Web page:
To the editor: Daniel Engber is correct that the morals of many Americans are confused. Both fur production and agribusiness inflict extreme brutality and atrocious suffering on animals for the sake of inessential products. ("The confusion of fur-hating carnivores," op-ed, May 2)
But designer Karl Lagerfeld and Engber himself reveal a level of moral reasoning appropriate to unschooled children. Lagerfeld defends the use of fur by saying that "it's not as bad as carnivorism" and that "as long as people eat meat and wear leather, I don't get the message."
But what child has not been instructed that two wrongs don't make a right? And what college sophomore doesn't recognize the ad hominem fallacy: attacking persons (here, as hypocrites) rather than engaging with their moral arguments?
Engber concludes that until all agree that "meat is murder too … it might be best to keep our anti-fur obsession under wraps." Really? By this reasoning, so long as some wrongs are unrecognized by society, no one need try to end any individual injustice. So long as child labor and domestic abuse persist, we need not attempt to end slavery or any other social ill.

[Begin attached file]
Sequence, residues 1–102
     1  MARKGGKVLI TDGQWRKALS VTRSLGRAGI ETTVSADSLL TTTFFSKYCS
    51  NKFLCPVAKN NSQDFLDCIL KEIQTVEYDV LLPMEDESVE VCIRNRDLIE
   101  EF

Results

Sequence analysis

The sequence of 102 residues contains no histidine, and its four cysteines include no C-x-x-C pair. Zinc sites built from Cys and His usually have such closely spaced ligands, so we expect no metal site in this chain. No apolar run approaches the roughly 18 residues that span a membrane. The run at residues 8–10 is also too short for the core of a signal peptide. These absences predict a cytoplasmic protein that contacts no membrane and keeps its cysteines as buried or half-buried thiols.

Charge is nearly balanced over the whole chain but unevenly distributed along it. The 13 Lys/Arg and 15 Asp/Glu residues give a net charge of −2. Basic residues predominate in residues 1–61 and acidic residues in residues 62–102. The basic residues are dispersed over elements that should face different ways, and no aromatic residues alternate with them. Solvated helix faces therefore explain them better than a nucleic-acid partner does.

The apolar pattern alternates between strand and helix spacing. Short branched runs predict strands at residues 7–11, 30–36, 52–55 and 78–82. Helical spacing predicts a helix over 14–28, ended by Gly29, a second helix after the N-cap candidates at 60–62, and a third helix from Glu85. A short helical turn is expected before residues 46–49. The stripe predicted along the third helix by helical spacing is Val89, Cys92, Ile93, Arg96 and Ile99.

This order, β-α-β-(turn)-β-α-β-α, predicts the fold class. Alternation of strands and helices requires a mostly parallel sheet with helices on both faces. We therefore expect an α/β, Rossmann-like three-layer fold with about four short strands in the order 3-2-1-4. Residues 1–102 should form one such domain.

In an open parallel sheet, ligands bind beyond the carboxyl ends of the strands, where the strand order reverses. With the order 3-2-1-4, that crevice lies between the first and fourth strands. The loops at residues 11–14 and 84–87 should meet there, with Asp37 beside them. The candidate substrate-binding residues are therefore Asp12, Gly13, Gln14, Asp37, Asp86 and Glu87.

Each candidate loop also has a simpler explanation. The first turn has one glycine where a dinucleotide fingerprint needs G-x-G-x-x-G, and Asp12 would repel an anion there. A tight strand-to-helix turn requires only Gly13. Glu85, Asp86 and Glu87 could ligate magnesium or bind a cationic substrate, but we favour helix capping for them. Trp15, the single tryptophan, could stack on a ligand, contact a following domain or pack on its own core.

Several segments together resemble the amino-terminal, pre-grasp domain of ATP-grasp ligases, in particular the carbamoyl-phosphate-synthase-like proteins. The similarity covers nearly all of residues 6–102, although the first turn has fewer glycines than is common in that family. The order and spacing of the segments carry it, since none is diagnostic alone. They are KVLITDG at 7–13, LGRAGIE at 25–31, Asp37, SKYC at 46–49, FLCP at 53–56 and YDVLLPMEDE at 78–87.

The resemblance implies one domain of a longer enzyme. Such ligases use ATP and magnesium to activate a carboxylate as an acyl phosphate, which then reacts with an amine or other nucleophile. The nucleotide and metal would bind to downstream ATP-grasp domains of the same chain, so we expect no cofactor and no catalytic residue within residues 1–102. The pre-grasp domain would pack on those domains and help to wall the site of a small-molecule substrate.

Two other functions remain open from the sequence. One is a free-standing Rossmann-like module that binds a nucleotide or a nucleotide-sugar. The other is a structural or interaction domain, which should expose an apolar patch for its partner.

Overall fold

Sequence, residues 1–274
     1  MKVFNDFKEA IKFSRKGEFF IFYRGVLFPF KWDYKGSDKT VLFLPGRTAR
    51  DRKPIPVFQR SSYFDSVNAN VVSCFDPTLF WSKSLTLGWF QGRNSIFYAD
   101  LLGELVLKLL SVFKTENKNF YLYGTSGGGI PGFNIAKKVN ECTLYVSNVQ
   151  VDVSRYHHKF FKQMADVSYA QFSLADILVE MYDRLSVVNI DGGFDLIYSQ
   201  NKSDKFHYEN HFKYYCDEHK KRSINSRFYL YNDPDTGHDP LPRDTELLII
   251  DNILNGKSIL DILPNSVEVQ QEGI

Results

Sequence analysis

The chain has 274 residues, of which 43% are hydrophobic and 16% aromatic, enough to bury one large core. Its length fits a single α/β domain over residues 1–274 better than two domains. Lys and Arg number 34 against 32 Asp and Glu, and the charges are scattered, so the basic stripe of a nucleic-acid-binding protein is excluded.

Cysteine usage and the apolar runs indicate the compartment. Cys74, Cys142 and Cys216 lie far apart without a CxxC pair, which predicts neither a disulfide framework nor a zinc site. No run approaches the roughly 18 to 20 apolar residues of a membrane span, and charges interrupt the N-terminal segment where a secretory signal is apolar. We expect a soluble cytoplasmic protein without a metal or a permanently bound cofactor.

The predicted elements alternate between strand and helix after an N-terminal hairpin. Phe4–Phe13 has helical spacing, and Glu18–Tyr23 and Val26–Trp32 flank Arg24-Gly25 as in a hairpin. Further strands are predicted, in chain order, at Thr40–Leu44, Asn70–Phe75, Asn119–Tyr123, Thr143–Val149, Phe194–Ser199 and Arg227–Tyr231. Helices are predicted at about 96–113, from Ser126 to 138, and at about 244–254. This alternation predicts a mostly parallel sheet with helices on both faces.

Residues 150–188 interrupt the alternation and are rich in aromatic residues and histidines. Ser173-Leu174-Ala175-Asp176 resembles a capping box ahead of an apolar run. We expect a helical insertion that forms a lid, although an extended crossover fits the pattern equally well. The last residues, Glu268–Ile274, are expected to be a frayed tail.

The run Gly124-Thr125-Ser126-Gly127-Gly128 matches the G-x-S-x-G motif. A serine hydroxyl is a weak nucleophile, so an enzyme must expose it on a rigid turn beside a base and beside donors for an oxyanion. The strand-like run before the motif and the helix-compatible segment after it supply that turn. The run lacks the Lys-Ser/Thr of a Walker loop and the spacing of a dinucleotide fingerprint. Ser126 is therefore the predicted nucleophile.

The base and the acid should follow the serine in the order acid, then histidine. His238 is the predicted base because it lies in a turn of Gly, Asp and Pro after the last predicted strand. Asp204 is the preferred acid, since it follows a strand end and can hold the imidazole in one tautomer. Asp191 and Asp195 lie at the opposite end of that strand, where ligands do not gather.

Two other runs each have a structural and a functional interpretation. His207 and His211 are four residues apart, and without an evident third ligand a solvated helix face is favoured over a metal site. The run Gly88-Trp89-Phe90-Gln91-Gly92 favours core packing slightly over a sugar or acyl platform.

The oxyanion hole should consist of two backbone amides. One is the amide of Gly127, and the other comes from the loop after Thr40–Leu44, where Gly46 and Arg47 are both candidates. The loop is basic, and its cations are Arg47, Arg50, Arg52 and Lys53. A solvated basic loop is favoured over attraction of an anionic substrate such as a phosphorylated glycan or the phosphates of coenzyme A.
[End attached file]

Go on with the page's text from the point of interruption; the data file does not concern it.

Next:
It's interesting that those who work hard to end a social evil are so often condemned for not doing more — by those doing nothing at all.
Kathie Jenni, Beaumont
The writer, a professor of philosophy, is director of human-animal studies at the University of Redlands.
To the editor: Substitution of old materials with new ones is an integral part of human progress. In religious ceremonies, if we can substitute animal flesh for human flesh and view this change as positive, we are ready to go forward in our secular lives on ground that is already laid.
Technologically, the transformation of plants to flesh- and fur-like products has already occurred because people have desired it and technology can satisfy the desire. If "The Peaceable Kingdom" reflects a true aspiration, fake meat is the food to which dead meat has aspired, and the makers of fake meat and the fur-free designers are as deserving as anyone is of the Nobel Peace Prize.
Karen Davis, Machipongo, Va.
The writer is president of United Poultry Concerns.
To the editor: Meat eating sustains human life. Regardless of what kind people eat, meat keeps humans alive and perhaps even healthy.
But fur is purely ornamental. There are tons of other options for clothing that don't involve killing animals.
One is a necessity, the other a luxury. We don't have to kill beautiful animals to satisfy the fashion tastes of the wealthy.
Daisy Matthews, Los Angeles